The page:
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Top Posts of 2015 #6: “5 Reasons People Don’t Sing at your Church”

Worshipmusic1

I was really excited that this post came in at #6 because it was a guest post written by a friend of mine! Check it out!

I’ve been hearing a lot of concern about the fact that people are singing less and not engaging in the corporate time of worship at church. Most of the talk I hear seems to be finger pointing and critiquing the current culture of American churches rather than providing solutions that are within our control.

We all want people engaging in worship, but what is really in our control and how can we help people connect through the music? Here is a list of factors that contribute to how people respond and engage during worship in our churches.

1. Personal

Where are they at spiritually? Obviously if they don’t know Jesus they won’t be led to worship Him. But, on the other end of the spectrum, Jesus said that the person who has been forgiven much will love much. It’s all too common for a church person to forget how much grace they have received.

What circumstances are currently affecting their mental, emotional and physical health? There could be a crisis in their life. They may have just gotten in fight with their spouse or kids or friend. They may harbor bitterness toward the church or someone on stage.

 What is their church background? Some people grow up in churches where raising hands is forbidden. Others speak in tongues and jump wave flags.

 How do they prefer to connect with God? God has crafted us uniquely with different passions and personalities. Not everyone connects to Jesus by standing and singing songs. See “Sacred Pathways” by Gary Thomas.

2. Environmental

Does the space they are gathered in help or hinder? So many of us react to our surroundings and allow them to influence our emotions and thoughts. The lighting, size, temperature and smell of the room can all be a factor in whether or not someone chooses to engage, be distracted, overwhelmed, claustrophobic or even disgusted.

3. Relational

Do people feel welcomed and accepted? If I think the people around me are going to judge me based on how I respond in worship then my focus isn’t on God and I’ll play it safe.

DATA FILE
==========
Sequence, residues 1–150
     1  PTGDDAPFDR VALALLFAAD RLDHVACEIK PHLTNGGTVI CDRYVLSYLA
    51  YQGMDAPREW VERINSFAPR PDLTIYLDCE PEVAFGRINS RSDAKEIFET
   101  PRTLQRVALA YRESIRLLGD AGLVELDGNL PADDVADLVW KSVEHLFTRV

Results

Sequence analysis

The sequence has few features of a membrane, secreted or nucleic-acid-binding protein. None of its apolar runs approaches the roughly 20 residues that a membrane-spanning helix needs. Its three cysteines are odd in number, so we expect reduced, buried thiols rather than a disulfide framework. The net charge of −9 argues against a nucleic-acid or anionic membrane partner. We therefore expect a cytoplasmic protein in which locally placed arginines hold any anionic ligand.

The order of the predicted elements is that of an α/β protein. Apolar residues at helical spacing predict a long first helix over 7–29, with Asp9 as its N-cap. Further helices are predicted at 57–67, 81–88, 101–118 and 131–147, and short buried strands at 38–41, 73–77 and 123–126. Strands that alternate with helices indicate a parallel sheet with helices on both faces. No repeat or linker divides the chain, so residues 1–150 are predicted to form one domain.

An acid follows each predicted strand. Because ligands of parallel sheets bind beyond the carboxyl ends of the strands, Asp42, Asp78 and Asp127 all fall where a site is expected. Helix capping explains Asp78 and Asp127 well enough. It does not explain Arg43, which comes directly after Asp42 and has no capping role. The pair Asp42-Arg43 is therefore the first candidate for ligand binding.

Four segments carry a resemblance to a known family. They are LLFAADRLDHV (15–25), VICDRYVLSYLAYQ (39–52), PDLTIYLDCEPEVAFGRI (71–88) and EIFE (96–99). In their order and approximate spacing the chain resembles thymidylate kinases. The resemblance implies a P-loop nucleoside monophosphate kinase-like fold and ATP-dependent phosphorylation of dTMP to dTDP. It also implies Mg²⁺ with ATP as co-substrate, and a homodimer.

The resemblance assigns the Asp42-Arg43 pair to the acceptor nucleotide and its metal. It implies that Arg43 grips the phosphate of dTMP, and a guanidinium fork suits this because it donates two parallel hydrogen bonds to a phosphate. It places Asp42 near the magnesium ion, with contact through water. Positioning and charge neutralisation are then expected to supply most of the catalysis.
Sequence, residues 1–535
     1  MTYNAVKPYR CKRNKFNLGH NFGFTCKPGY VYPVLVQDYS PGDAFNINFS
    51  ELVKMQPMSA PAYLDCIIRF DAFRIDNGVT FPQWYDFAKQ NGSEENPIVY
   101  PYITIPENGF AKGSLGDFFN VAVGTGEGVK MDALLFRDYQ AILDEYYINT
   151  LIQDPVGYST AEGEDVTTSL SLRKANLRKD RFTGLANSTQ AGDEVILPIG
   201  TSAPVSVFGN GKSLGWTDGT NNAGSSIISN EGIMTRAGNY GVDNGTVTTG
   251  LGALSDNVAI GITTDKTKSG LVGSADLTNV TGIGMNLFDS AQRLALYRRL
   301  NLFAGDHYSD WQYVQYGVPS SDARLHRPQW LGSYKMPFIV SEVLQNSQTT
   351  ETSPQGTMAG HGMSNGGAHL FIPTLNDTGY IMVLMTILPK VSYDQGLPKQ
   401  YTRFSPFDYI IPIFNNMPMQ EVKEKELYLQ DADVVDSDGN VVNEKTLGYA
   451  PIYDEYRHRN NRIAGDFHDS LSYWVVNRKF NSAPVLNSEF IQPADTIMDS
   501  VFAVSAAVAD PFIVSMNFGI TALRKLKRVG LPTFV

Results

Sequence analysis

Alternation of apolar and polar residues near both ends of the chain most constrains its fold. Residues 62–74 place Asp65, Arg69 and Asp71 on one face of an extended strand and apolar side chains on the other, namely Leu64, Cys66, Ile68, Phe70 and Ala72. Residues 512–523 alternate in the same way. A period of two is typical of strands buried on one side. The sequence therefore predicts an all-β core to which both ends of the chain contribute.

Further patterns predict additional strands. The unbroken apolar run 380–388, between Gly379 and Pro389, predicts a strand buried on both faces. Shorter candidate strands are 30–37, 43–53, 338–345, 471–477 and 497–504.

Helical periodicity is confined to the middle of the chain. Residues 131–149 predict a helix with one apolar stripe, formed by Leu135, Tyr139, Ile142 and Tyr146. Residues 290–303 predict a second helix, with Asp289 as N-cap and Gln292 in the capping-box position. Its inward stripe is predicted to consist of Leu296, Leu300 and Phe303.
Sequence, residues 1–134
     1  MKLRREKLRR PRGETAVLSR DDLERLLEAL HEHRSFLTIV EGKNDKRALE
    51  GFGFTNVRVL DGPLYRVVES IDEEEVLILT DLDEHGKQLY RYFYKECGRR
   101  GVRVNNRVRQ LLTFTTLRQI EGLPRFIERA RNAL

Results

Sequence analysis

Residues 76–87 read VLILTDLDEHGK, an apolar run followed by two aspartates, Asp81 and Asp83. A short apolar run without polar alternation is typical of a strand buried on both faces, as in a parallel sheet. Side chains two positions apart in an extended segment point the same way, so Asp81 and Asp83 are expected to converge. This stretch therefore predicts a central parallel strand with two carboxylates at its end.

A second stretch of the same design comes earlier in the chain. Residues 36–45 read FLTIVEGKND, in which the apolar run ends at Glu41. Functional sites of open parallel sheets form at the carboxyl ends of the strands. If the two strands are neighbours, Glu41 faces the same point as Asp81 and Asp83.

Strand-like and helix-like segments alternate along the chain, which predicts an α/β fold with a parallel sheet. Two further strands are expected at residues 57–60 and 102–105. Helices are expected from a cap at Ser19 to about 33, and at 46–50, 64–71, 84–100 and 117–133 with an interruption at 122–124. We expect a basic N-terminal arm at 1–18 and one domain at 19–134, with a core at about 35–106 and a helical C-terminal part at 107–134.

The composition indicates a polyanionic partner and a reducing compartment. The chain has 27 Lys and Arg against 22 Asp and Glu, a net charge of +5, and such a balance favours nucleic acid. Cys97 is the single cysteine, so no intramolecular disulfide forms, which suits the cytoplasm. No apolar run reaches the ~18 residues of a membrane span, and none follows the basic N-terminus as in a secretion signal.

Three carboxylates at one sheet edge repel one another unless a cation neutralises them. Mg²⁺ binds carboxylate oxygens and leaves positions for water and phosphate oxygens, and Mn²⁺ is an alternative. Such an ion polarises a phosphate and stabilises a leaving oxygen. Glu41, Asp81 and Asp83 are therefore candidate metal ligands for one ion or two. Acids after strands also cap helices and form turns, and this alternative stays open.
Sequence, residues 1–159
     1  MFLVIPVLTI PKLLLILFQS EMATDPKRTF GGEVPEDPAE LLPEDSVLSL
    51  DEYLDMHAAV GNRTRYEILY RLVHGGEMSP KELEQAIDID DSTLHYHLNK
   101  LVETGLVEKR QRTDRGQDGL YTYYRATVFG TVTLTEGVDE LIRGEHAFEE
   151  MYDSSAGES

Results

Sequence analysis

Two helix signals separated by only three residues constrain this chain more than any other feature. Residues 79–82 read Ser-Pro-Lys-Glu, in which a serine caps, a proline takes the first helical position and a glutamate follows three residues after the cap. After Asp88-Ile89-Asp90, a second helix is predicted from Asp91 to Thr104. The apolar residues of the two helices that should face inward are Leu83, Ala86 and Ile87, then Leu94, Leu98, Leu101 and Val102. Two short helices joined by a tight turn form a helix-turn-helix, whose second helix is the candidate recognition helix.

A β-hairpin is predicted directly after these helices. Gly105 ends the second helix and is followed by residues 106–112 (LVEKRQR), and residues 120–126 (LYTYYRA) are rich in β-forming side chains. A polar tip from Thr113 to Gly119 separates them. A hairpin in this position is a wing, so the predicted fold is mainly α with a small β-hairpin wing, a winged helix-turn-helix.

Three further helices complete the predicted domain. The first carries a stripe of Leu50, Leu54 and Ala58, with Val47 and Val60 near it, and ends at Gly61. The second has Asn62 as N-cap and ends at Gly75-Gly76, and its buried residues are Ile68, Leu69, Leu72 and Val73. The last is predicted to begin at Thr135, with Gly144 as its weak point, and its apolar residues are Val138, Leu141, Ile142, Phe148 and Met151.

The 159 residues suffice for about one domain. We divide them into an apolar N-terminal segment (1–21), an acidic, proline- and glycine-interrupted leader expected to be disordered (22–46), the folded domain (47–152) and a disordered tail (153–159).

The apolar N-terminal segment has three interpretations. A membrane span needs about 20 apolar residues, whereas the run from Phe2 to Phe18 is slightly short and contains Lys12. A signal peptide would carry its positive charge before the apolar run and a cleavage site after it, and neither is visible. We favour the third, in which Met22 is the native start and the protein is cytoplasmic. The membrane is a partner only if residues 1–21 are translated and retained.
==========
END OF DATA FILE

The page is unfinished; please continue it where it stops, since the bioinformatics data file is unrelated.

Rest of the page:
Are others engaged? Nobody wants to be the only person with their hands up or singing at the top of their lungs. Most of us would rather fit in and do what everyone else is doing.

4. Musical

How well do they know the songs? If every song in the worship set is brand new then it’s likely the congregation won’t engage. If the average person attends church once or twice a month it’s likely they won’t know a lot of the music even if it isn’t new.

How much do they like the songs? Musical tastes vary. It’s subjective. Not every person that attends our church on a regular basis would choose to listen to the music we play on a weekend.

Is it excellent? This is about the musicianship, volume, mix, EQ, etc.

Do the lyrics make sense? If I have to consult with a theologian or English professor about the meaning of lyrics then I’m not singing. If the lyrics are too mushy or romanticized then most dudes won’t sing.

5. Visual

Are the worship leaders engaged? This is huge. Authenticity is as important as excellence. If the people on stage look like they’re not into what they’re doing then how do we encourage the people in the seats to engage?

Are there any distractions? Lights, moving graphics, people, lyrics being incorrect, camera angles, etc.

I don’t think this list is exhaustive. The point is this: there are many factors to whether or not someone will engage in the corporate worship music we sing at church on a weekend. Some of them we can control – the environment, the culture and the production. We are responsible as church leaders, not just the worship leaders, to create an environment where people can see Jesus and let their guard down; then we trust God to do what only He can do.


 

This is a guest post by Matt Thompson who serves as the Creative Arts Pastor at Fountain Springs Church. To keep up with Matt you can connect with him on Twitter or Facebook.


Posted in Creative Arts, Leadership

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